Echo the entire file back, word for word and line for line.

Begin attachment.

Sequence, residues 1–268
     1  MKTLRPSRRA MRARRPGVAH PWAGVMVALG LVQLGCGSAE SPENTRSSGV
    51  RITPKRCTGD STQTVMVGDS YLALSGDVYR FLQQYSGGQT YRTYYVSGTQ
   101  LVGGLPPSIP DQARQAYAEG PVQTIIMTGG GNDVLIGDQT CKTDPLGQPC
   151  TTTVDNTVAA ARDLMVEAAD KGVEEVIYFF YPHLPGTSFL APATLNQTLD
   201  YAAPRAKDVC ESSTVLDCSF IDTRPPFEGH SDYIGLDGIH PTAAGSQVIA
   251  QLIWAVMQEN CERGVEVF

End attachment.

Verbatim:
Sequence, residues 1–268
     1  MKTLRPSRRA MRARRPGVAH PWAGVMVALG LVQLGCGSAE SPENTRSSGV
    51  RITPKRCTGD STQTVMVGDS YLALSGDVYR FLQQYSGGQT YRTYYVSGTQ
   101  LVGGLPPSIP DQARQAYAEG PVQTIIMTGG GNDVLIGDQT CKTDPLGQPC
   151  TTTVDNTVAA ARDLMVEAAD KGVEEVIYFF YPHLPGTSFL APATLNQTLD
   201  YAAPRAKDVC ESSTVLDCSF IDTRPPFEGH SDYIGLDGIH PTAAGSQVIA
   251  QLIWAVMQEN CERGVEVF